Whether you’re a freelancer, employed full-time or just testing the waters, you’ll have to work incredibly hard to prove you’re actually a killer writer and worth the coins. Follow these three tips to stick out from the crowd and show potential clients that they need your words!
- Charge what you’re worth: So many people don’t like talking about money – and they squirm at the idea of meeting a client to discuss prices. However, once you break out of this traditional mindset you’ll realise that not only is the cost of your work an indication of how much money you make, it’s also a signal to others that your time, efforts and words are of that particular quality. In some cases, upping your worth could make you the more attractive option. A key consideration to make here is that increasing your costs will also make you more accountable for your work’s quality. Think about ways to add value. For example, include an extended version of the content for use on the publication’s website; this shows that you’re thinking beyond your pay rate and are a valuable contributor for them to have on board.
- Word rate or flat fee? This point could almost be re-worded to say “know how to read your client”. When it comes to providing written work to a client, the length and nature of your arrangements has a huge sway on which payment methods you should bring to the table. If, for example, you’re providing the written copy for an ongoing campaign, asking to be paid per word doesn’t make sense – it’s messy, hard to pinpoint and requires too much brainpower on their end. In this instance, paying per project is likely to be a much better option, both for minimising invoicing efforts on your part, and approving those payments on your client’s end. Use this calculator to determine what you should be charging.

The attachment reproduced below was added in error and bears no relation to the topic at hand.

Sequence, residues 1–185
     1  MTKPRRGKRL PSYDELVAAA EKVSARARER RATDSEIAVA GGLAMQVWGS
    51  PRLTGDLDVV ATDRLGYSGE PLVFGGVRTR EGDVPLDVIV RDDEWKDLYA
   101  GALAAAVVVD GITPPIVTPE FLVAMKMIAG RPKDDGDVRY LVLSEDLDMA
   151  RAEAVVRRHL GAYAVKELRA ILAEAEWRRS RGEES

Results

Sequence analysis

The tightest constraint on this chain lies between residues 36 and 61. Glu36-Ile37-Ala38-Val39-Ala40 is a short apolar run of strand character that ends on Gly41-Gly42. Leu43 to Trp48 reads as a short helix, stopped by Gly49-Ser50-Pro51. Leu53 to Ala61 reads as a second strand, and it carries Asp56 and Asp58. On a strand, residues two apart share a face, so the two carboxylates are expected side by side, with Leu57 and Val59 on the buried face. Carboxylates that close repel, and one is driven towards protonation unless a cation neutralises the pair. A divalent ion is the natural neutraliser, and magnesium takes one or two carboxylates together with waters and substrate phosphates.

- Become top of mind: Having a regular and engaging brand presence is one of the most underappreciated skills of the modern writer, but when you think about it, it’s also one of the most obvious ways to promote your skills. If you’re using social media and regular face-to-face catch ups to put snippets of your work in front of the right people, seeds are being planted in their head that will sprout the next time they’re sitting at their desk needing fresh content. There’s nothing better than being on the receiving end of that eureka moment when a big name realises “Oh, ___ would know something on this!”